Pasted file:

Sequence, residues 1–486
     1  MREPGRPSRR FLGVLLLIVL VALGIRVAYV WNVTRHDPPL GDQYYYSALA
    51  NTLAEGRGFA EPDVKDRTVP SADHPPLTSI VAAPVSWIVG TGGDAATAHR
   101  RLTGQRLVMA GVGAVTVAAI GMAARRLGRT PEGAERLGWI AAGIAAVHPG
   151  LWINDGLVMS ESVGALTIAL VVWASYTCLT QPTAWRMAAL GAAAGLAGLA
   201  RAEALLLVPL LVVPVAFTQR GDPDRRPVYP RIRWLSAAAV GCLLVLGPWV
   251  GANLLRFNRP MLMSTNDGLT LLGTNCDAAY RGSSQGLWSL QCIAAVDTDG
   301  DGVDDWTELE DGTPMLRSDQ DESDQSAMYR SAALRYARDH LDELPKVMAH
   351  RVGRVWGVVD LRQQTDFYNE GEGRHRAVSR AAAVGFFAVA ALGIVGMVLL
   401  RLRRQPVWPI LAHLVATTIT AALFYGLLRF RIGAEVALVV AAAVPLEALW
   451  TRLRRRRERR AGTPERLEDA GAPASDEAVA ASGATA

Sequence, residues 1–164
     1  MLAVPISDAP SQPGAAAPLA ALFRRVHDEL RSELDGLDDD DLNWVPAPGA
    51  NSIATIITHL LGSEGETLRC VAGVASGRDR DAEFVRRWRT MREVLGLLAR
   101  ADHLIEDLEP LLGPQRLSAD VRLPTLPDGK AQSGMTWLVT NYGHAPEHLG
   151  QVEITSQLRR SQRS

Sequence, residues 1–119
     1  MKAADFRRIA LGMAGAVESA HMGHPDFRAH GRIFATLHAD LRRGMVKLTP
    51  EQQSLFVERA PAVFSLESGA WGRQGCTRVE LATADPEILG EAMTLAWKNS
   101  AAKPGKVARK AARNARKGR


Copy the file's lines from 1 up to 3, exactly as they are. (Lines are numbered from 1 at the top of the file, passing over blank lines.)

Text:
Sequence, residues 1–486
     1  MREPGRPSRR FLGVLLLIVL VALGIRVAYV WNVTRHDPPL GDQYYYSALA
    51  NTLAEGRGFA EPDVKDRTVP SADHPPLTSI VAAPVSWIVG TGGDAATAHR